During the early days of my career (which i identify as being during my early 20's), i was just starting to find the courage to label myself a composer. This was a huge step for me psychologically because although i was working as a professional musician, writing music for film and dance projects and performing regularly, i lived in this fear than sooner-or-later i was going to be caught-out as a fraud!
It's a big word, FRAUD. It has all kinds of connotations with it, and the whole concept has a dirty vibe to it. That's what i felt. Like my dirty secret would eventually get out, and I'd be exposed as nothing more than a pretender, a fake, a low-life wanna-be. Pretty intense, hey. Yet people were paying me good money to write and perform music, i was getting great reviews, the projects i was working on received world-wide acclaim, there were awards and interviews....how was this possible if i was faking it?
So intense were my feelings, that i began to ask a few close artist friends whom i had the greatest creative respect for, "do you ever feel like you're a fake?". Unexpectedly they ALL said yes, each one of them reacting to the question with a sense of relief that they could finally talk about it. I discovered that not only was i not alone in my own feelings, but that this mindset was prevalent in creative vocations. There is an unspoken fear that eventually the artist will be sprung, and they would be forced back to the depths where they belong. Most surprising of all was my discovery that the more talented the artist, the deeper those feelings appeared to run.
Begs the question "why", doesn't it. Well, i can only answer this by drawing from what others have shared with me, and through my own experiences. So here's my theory...
"Talented" artists (we'll leave the discussion of what talent is for another time), often start out in a less traditional way. For example, I'm a self-taught musician, only taking lessons in music to sharpen up my skills and perceptions of my art form as a young adult. This leaves the door wide open to feel less validated and uncredited. Also, music to me comes so naturally...practically effortless. It's so enjoyable, it feels like there is no work involved in it, because most people class work as being something that one has to strive over and struggle with. Music also exposes a passion in me, one that is self-perpetuating...the more music I'm making, the more music i feel inspired to make. Plus, making music kinda gives me a high. All in all, it's such an enjoyable and easy process, fun and passion-invoking, that i feel like i must be cheating somehow.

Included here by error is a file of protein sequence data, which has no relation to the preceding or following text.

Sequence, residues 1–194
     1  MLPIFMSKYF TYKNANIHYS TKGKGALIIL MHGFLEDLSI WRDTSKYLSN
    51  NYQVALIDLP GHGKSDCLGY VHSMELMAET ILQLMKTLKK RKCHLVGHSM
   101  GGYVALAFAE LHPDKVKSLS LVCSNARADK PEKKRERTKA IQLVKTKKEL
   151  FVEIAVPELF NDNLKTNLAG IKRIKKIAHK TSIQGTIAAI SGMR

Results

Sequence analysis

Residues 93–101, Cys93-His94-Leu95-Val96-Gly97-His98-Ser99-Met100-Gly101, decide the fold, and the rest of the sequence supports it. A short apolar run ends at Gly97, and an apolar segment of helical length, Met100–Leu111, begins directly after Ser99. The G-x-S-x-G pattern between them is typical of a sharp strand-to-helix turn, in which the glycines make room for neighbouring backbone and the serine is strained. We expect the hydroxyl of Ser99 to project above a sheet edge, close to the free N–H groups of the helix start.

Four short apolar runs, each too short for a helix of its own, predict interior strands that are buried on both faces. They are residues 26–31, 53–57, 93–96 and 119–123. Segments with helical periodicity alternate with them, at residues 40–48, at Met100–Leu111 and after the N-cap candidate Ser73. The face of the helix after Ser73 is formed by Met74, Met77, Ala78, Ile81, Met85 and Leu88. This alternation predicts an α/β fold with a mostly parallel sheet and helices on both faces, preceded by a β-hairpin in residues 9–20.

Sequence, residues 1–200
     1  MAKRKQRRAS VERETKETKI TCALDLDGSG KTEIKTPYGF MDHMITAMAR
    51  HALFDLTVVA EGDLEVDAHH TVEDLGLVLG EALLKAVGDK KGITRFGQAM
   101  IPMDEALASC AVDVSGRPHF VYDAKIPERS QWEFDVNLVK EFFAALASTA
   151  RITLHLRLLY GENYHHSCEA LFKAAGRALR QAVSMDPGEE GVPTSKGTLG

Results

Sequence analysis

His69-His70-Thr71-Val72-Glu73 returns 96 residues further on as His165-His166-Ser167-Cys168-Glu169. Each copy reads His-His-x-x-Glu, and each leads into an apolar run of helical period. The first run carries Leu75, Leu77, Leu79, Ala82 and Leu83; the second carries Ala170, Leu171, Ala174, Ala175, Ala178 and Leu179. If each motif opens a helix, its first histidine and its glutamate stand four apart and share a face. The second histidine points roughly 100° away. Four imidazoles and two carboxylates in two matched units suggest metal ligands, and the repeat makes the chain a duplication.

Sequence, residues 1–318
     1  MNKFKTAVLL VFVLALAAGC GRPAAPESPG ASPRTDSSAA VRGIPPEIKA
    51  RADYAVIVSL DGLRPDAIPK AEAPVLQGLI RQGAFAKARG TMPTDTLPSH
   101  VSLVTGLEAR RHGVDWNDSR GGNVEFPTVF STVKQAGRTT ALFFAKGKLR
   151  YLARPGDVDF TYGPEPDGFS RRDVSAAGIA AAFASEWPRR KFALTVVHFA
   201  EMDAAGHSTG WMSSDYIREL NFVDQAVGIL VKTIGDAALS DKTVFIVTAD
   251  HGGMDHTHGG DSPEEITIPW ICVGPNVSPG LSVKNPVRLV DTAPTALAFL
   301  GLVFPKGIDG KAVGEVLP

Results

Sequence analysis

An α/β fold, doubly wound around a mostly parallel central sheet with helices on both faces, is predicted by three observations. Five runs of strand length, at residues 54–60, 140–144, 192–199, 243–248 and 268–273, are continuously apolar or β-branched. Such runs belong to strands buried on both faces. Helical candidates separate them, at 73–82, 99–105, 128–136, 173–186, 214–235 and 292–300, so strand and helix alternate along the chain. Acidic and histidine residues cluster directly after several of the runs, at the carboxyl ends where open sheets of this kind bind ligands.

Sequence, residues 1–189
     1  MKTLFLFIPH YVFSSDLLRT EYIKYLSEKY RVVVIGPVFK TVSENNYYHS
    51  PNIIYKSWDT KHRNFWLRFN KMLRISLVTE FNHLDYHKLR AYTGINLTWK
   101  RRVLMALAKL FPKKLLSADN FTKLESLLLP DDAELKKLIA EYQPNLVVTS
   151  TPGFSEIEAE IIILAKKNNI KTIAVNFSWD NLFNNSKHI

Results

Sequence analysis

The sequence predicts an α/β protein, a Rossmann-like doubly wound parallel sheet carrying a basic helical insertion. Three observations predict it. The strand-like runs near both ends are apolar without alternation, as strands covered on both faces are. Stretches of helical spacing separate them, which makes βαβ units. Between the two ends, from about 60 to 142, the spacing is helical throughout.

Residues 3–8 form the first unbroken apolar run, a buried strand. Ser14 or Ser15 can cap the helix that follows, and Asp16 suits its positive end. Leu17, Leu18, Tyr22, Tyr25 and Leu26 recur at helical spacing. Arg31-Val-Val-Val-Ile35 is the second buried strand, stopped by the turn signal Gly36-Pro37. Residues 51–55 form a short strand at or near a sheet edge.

I remember feeling this way when i used to improvise song arrangements on the piano as a kid to pop songs. I'd listen to a song a few times, and that was all I'd need. My friends would often need a few weeks working on it, but i seemed to already know it. I'd also just start singing harmonies to songs i barely knew...and knew no one else who could do that. i must have been cheating. I felt like i was, because i seemed to already know the answers. It makes perfect logical sense, except that of course there was no cheating involved, and no fraud...there was no deception.
It's about time that we as a society accepted that work doesn't need to be soul-destroying in order for it to be valid. We don't need to hate our jobs, our boss, and ourselves in order to show we work hard, and only then deserve some kind of return. And what is that term "working hard" all about anyway? Isn't "working well" a better description? Surely being effective is better than being hard. And if something comes naturally, isn't that a good thing? So many fantastic artists i have seen don't market themselves, believing their work can only be a hobby because it's something they love to do. DOH??!!
If reading this has struck a truth in you, then chances are that you have something you do that comes naturally and easily to you. It's called talent, not fraud. It's real, and humanity need you to share it, not keep it locked up in your closet. If you need to share how you feel, let it out now, don't wait 'til you're on your death-bed with a suitcase full of regrets. It's perfectly natural to feel this way, but don't let it ruin your journey.
Embrace your potential.
Expose that which comes easy...because for so many other people, what you do takes hard work.
Your natural abilities are more valuable than any certificate you could ever get in your life...EVER!!